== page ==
Things They Carried: Albany Area Soldiers in Vietnam

November 12, 2012–November 18, 2012

Things They Carried: Albany Area Soldiers in Vietnam is presented in conjunction with The Big Read, a citywide communal reading of Vietnam Veteran Tim O’Brian’s acclaimed 1990 book, The Things They Carried, a collection of interrelated short stories drawn from memories of his service in Vietnam.

The Vietnam War, the longest conflict fought by the United States in the twentieth century began in March 1965 and ended ten years later in April 1975 with more than 58,250 lives lost. This special exhibition features twenty-five objects carried daily by Vietnam-era soldiers. Included are U.S. Army Government issued uniform and boots, boonie hat, and non-operational weapons such as an M-14 rifle, M-16 Armalite assault rifle, M-60 machine gun, and grenades loaned by the Tri-County Council Vietnam Era Veterans. Four models made by Mike Plonka represent scenes of military maneuvers and duties of American soldiers in Vietnam. Items on loan from Robert Allyn, including, a box of C-Rations with canned food, toilet paper, and cigarettes, a survival kit, first aid instructions, helmet, navigational computer, Laotian and Vietnamese currency, military payment certificates, and a blood chit portray an intimate picture of daily life faced by many soldiers.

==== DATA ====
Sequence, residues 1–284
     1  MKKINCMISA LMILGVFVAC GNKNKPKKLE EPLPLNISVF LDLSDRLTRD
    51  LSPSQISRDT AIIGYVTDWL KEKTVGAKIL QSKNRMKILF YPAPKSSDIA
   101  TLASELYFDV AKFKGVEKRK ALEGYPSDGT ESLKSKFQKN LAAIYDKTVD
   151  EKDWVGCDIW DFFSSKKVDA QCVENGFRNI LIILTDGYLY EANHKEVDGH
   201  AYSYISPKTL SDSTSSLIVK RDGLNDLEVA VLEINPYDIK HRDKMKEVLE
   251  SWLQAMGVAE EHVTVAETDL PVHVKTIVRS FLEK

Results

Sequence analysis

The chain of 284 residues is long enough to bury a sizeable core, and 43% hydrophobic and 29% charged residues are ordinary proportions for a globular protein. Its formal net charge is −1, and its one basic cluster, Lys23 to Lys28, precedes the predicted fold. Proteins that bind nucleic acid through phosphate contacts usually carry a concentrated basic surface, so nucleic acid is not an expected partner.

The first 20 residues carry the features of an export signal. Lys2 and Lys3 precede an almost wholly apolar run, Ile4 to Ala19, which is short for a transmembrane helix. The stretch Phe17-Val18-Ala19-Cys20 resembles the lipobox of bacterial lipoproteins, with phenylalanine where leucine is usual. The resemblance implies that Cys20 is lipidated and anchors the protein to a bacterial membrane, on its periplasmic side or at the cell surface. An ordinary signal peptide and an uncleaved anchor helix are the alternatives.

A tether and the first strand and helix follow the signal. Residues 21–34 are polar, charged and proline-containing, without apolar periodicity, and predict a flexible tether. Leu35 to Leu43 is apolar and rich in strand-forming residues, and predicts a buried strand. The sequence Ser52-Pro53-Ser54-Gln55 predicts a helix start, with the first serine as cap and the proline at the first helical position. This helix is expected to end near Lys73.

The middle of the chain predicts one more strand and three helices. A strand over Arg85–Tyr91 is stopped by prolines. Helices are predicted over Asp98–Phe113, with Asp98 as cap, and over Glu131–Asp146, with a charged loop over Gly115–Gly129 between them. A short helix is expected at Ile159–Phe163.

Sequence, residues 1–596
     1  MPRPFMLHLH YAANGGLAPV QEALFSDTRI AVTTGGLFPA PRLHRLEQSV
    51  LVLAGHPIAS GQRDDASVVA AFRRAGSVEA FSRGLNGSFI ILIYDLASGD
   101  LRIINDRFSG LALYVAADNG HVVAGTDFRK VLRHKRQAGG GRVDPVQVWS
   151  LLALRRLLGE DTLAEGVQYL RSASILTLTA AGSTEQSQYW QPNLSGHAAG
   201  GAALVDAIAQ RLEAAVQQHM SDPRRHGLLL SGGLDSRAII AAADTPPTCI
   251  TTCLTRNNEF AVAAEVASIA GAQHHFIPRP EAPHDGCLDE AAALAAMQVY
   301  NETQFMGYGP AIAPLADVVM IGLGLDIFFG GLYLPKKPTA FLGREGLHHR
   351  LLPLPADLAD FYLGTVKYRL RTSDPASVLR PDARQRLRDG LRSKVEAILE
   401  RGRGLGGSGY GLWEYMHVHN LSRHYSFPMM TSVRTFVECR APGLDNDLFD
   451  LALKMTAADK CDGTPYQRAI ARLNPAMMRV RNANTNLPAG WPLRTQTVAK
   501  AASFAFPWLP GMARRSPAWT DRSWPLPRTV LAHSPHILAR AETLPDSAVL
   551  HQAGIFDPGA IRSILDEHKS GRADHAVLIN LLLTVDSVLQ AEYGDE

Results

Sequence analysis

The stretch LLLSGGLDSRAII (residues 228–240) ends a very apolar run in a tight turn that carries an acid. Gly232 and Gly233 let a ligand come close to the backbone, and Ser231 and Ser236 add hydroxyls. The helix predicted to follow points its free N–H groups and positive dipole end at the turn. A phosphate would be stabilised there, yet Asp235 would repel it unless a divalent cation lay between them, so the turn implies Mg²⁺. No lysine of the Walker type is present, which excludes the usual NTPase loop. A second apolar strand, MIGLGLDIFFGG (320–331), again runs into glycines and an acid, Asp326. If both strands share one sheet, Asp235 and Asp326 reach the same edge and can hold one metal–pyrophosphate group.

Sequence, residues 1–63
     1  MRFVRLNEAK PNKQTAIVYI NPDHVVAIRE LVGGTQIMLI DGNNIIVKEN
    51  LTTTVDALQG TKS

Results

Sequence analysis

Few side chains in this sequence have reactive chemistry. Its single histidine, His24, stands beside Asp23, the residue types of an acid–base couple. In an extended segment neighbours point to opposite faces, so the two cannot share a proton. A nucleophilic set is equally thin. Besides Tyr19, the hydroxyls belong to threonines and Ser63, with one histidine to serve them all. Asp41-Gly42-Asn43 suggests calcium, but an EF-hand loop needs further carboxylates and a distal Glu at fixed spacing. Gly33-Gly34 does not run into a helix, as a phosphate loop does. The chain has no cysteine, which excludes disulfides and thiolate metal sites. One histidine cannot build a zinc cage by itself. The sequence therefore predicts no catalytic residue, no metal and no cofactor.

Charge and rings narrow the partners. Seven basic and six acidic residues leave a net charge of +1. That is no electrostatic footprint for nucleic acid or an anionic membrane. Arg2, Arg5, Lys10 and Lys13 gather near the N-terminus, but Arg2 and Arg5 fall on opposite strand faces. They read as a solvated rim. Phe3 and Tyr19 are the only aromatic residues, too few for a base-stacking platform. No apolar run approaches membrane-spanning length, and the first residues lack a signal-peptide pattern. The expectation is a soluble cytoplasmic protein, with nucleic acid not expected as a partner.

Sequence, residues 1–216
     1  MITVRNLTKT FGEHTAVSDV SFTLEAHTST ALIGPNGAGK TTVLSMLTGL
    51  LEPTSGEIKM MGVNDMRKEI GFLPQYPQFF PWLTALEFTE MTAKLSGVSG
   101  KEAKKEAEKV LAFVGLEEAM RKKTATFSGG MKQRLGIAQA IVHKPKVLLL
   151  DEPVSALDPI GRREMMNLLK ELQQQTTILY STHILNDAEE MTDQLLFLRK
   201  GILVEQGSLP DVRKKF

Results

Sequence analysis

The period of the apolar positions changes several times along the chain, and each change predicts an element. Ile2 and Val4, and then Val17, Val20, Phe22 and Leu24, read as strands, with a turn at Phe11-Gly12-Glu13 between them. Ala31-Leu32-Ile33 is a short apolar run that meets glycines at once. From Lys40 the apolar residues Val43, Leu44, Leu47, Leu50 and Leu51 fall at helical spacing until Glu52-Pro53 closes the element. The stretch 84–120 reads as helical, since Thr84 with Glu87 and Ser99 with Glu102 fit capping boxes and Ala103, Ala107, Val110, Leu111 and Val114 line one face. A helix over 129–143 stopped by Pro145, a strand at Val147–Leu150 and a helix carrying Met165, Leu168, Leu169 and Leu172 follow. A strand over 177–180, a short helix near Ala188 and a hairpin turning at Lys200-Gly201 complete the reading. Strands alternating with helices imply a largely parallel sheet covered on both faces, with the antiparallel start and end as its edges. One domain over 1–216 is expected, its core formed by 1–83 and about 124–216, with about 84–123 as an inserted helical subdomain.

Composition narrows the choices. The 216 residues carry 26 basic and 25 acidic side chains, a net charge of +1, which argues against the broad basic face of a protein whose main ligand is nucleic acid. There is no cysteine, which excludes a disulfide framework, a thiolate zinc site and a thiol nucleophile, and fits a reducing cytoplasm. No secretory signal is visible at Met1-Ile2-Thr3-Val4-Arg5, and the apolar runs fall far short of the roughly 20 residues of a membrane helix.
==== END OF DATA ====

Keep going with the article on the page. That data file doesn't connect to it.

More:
Robert Allyn, a poet, woodcarver, and former director of the New York State Vietnam Memorial, served in the US Air Force from 1967 through 1971.  He was assigned to the 315th Air Commando Wing, 12th Special Operations Squadron in 1968 as a loadmaster, navigator, and medic.